Hope in Haiti for Better Cancer Care
The IAEA is working to support proper treatment of cancer patients in Haiti, who hold out hope that their illness can be detected and treated in time. (Photo: N. Whalen for IAEA)
- Story Resources
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- Haiti Moving to Revitalize Nuclear Technical Cooperation, 1 February 2007
- IAEA Technical Cooperation
- Fighting Cancer
- Programme of Action for Cancer Therapy (PACT)
- IAEA Nobel Prize Money Fights Cancer Crisis in Africa & Asia
- Video: Hope in Haiti for Better Cancer Care
Port-au-Prince, Haiti -- Aubry Jean Roberts is one of many women with cervical cancer who fill the hot, airless obstetrics and gynaecology ward at the General Hospital in Haiti´s capital, Port-au-Prince. Outside the ward, cancer is a little-known disease in this country, and there are few options for treatment.
Softly spoken, Aubry says she is very hopeful that surgery can cure her. Her husband nods and reaches for her hand. The couple have a newborn daughter and a three-year-old son.
"Often we´re forced to send patients home to die. They die in a very bad situation. You can say an inhuman situation," says Dr. Jean Cornely, a gynaecologist who will perform Aubry´s surgery for free at the hospital.
Cutting out tumours is Dr. Cornely´s mainstay. There are no radiotherapy facilities in Haiti. "It´s frustrating," exclaims the doctor. He knows when combined with radiotherapy, it could give patients like Aubry a true fighting chance. The cure rate for women with cervical cancer is 65% when treated with radiotherapy. Even for advanced cancers, half the women can be cured.
While national data is sketchy, the incidence of cervical cancer in Haiti ranks among the world´s highest, according to the Cancer Atlas produced by the World Health Organisation and other cancer control bodies. The Atlas estimates the incidence of cervical cancer to be three times that of island neighbour Dominican Republic and 12 times higher than the US. In affluent countries early detection through screening has effectively combated the disease, with patients typically offered simple and effective treatment.
However, the reality for Haitians is that women are rarely screened, diagnosis comes too late, and adequate treatment is just not available. Aged 35 and a mother of three, Roseline Fleuristene has cervical cancer. She wishes to go to the Dominican Republic for radiotherapy -- to fight to stay alive. She cannot afford it.
"We say to patients the three M´s -- Maison, Manger, Mort -- Home, Eat, Death," says Gustave Dabresil, a young doctor who works in a clinic in the country´s South. He estimates that only 10% of cancer sufferers can afford to go abroad to countries like Cuba or the Dominican Republic for treatment.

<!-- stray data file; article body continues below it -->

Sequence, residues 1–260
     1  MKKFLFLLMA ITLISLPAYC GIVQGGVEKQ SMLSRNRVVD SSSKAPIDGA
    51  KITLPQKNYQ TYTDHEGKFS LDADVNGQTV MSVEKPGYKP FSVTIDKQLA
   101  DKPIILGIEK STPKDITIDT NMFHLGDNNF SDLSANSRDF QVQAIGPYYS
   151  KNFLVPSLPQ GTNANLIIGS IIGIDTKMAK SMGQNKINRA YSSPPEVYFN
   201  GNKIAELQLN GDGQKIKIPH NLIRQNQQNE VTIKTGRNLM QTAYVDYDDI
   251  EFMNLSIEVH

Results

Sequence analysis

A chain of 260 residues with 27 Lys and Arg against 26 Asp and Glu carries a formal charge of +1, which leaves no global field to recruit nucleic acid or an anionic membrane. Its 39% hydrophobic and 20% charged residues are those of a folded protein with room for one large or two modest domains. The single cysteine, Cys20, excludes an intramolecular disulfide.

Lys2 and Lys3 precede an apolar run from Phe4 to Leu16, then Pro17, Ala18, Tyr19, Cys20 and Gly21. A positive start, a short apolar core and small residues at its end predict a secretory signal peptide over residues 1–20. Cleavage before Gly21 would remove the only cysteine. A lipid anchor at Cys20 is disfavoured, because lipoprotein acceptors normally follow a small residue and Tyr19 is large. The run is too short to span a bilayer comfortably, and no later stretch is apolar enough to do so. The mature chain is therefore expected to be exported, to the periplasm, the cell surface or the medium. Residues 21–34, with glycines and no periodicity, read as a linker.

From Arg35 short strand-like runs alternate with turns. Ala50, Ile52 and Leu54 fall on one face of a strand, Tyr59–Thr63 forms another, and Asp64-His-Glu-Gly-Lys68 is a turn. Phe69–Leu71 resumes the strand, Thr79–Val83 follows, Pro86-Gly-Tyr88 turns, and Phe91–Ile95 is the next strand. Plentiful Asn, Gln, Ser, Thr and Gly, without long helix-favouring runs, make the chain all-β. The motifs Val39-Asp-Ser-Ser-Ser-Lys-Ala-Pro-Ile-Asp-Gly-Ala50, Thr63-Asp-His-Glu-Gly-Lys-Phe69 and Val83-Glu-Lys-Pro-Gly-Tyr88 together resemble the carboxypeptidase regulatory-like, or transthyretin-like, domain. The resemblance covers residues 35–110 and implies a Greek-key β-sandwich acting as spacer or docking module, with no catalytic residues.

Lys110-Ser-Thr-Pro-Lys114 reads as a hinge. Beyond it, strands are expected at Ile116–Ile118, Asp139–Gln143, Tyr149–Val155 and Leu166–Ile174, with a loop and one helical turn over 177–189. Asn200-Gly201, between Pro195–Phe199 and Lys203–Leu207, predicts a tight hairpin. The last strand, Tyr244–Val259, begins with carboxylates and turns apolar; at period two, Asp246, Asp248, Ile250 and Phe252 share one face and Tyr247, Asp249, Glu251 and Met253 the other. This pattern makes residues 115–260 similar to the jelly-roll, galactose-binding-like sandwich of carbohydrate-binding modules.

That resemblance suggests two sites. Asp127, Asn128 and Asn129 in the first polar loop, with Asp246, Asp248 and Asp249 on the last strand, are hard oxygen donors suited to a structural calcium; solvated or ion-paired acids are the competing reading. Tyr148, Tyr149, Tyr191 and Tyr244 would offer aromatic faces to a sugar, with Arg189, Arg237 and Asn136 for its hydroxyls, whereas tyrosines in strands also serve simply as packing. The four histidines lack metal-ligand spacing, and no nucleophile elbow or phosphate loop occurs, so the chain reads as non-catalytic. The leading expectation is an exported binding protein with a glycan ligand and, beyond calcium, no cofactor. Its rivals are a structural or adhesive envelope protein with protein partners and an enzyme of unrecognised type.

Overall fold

Gustave is eager to learn to use radiotherapy technology to save lives. "It´s my country, my people, I want to help, not send people home," he says. The IAEA is organizing support to young local doctors like Gustave and Frantz Claveus to undertake three years training as medical oncologists at specialised hospitals in Canada.
Training the necessary staff is a first step. It´s part of wider IAEA efforts to support Haiti to establish a national cancer treatment centre, capable of delivering radiation therapy. Dr. Cornely is spearheading the construction of the centre –- to screen, diagnose and treat patients like Roseline and Aubry. An architect has drawn up the plans, free of charge. And the IAEA stands ready to help equip the facility with radiotherapy units and diagnostic equipment when the hospital is built. The radiotherapy machine will be used around the clock to keep pace with demands for treatment. The number of patient referrals to the centre would be around 2000 a year -- of these, about half would be women with cervical cancer.
Nurses Myrmonde Amazau Pierre, Marie Odile Betina Jeune and Jean Panyauty Cornely will also be trained as radiotherapy technicians in Canada, with IAEA support, as part of larger efforts to ensure the effective, safe and secure use of the equipment at the new facility.
Radiotherapy also offers significant pain relief to patients with advanced cervical cancer. Even a short dose of radiation can stop the bleeding, help patients to control their bladder and relieve severe pain.
"Cancer is seen as a disease of the rich, the aged; a disease of Europeans and Americans, but not here. More than half of new cancer cases occur in developing countries, where it is a leading cause of morbidity and mortality," the Head of the IAEA´s Programme of Action on Cancer Therapy (PACT), Massoud Samiei, said. Some 200,000 women in developing countries die each year from cervical cancer.
IAEA Deputy Director General and Head of Technical Cooperation, Ms. Ana María Cetto, recently visited Haiti to speak with President René Préval, Prime Minister Jacques Edouard Alexis and Health Minister Dr. Robert Auguste about reinforcing the technical cooperation programme of Haiti. Ms. Cetto expressed the IAEA´s commitment to providing support to training professionals for the re-establishment of radiotherapy in the country as part of this comprehensive national programme for cancer control.
"Haiti is making important steps in the planning and design of what will be a very complete cancer facility that will be used not just for treatment, particularly for radiotherapy, but also for diagnosing cancer. We have been having serious talks with the various authorities to make sure they take the decision as early as possible to go ahead with the comprehensive integrated approach on cancer therapy which involves national financing to construct this facility," Dr. Cetto said.
It is unlikely the national cancer centre will be built in time to help Roseline and Aubry fight their disease. But for Aubry´s newborn, and the country´s youth, it´s a small investment for their future. -- Kirstie Hansen, IAEA Division of Public Information